IT offshoring: Romney vs. Obama

A look at what will each candidate could do about IT offshore outsourcing

By , Computerworld |  IT Management, outsourcing

Information Partners turns up in a reference to Cognizant, one of the largest offshore outsourcing companies in the world.

Venetia Kontogouris, who was on Cognizant's board during Romney's tenure at Bain, says in her bio that she was "senior vice president, venture development, at Cognizant Corporation, where she represented Cognizant in the Information Partners Capital Fund formed by Dun & Bradstreet and Bain Capital."

Kontogouris is a managing partner at Cloud Capital Partners.

New Jersey-based Cognizant, which has more than 140,000 employees, is one of largest offshore outsourcing companies in the world.

It began as a Dun & Bradstreet in-house development services business in 1994 and was split off two years later. D&B owned 51% of the total outstanding shares of Gartner and as part of its spin-off strategy transferred ownership of Gartner to Cognizant, which soon transferred its ownership to another entity.

It was Romney's his job to understand technology trends, including offshore outsourcing and to put Bain on a path to take advantage of them. There's nothing in his record to suggest he did otherwise.

What will Romney do about IT offshoring?

Romney has not yet raised IT offshoring as a campaign issue.

According to Romney's platform documents, he sees trade agreements as a means to job growth since "95% of the world's consumer live beyond our borders."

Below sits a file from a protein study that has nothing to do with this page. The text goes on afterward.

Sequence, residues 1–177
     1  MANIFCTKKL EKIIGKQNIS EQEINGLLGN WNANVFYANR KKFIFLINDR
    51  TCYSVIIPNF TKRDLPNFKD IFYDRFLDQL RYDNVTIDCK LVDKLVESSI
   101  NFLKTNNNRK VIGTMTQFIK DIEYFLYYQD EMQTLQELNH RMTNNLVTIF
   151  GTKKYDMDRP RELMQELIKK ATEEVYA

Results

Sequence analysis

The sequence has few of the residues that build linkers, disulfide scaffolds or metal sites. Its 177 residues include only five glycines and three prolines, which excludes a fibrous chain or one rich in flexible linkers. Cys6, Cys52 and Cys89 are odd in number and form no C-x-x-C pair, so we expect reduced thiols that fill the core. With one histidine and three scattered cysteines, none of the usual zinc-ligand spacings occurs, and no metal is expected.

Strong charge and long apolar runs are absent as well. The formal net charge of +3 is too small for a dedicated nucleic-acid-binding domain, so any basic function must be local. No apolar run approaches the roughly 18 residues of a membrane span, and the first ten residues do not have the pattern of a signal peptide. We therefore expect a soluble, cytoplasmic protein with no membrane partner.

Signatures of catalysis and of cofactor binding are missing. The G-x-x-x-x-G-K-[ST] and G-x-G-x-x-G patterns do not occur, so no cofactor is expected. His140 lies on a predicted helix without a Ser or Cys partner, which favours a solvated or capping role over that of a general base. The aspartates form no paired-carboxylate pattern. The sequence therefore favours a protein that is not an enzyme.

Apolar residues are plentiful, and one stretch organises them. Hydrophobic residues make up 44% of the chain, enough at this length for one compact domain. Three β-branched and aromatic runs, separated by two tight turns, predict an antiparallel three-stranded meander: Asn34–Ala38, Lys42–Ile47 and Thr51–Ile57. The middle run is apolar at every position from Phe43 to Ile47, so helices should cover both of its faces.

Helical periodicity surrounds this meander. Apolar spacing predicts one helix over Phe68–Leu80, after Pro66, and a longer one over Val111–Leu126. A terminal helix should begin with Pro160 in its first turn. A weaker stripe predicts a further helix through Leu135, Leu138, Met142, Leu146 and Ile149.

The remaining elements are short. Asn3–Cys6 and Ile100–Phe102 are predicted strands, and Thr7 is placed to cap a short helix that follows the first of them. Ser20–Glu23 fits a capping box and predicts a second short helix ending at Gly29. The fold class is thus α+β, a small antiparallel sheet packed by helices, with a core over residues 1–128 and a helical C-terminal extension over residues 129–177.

Romney is calling for a tougher U.S. response to China for "misappropriating Western technology," and for what he calls its indigenous innovation policies that are "forcing American companies to share proprietary technology as a condition of their doing business in China."

What will Obama do about IT offshoring?

President Obama wants to curb offshore outsourcing, but appears to be more focused on manufacturing than IT.

Obama says the tax code encourages offshore outsourcing, but many of his tax proposals, such as deductions for moving expenses, concern manufacturing and not knowledge-based work that travels over a network.

Democrats in Congress have also pitched laws offering relief from the employer share of Social Security payroll tax on new U.S. employees. Such laws would require that companies certify that a U.S. worker is replacing an employee who had been performing similar duties overseas.

The impact of these proposals on IT offshoring, including tax code changes, has received mixed reviews so far.

The legislation could encourage some companies to create jobs in the U.S., and thus slow their use of overseas labor. But the formula for using offshore resources is complex and tax benefits are but one consideration.

What does Obama know about the offshoring views of his advisors, and when did he know it?

Originally published on Computerworld |  Click here to read the original story.
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